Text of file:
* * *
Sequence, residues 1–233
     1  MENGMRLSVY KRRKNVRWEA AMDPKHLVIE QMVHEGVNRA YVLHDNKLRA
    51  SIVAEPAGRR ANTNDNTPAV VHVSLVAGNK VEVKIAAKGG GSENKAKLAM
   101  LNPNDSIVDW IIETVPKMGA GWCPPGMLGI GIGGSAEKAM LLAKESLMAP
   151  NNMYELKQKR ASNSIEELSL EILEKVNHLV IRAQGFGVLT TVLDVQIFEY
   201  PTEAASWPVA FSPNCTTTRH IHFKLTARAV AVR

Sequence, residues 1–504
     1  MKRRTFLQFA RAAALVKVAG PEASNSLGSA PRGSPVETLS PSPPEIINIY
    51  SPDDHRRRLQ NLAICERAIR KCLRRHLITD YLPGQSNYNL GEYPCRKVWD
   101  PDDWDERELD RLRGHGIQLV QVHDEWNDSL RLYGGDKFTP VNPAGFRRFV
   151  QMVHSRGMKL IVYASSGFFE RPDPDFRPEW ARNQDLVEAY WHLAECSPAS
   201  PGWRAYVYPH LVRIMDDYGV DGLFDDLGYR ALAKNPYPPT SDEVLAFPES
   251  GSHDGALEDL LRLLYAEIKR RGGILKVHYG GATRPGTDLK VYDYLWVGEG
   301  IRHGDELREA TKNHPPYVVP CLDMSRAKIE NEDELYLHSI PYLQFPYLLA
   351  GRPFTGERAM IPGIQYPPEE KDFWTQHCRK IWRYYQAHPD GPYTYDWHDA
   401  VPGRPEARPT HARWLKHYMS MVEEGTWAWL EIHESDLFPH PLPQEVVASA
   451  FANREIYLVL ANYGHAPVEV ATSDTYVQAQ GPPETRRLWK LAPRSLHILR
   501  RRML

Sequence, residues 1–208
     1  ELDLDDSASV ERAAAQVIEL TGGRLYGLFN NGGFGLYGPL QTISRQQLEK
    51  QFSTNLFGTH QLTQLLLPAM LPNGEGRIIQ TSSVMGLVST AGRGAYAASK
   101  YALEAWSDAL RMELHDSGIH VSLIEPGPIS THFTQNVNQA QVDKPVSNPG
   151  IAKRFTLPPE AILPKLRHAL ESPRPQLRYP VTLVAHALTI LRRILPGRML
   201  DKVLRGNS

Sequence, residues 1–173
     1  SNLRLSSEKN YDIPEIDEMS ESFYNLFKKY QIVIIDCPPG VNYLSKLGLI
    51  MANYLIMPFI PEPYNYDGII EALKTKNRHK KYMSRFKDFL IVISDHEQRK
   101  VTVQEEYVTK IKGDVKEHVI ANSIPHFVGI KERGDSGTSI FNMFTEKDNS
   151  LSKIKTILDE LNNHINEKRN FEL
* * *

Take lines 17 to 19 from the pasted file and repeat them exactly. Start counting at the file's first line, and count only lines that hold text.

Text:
   451  FANREIYLVL ANYGHAPVEV ATSDTYVQAQ GPPETRRLWK LAPRSLHILR
   501  RRML

Sequence, residues 1–208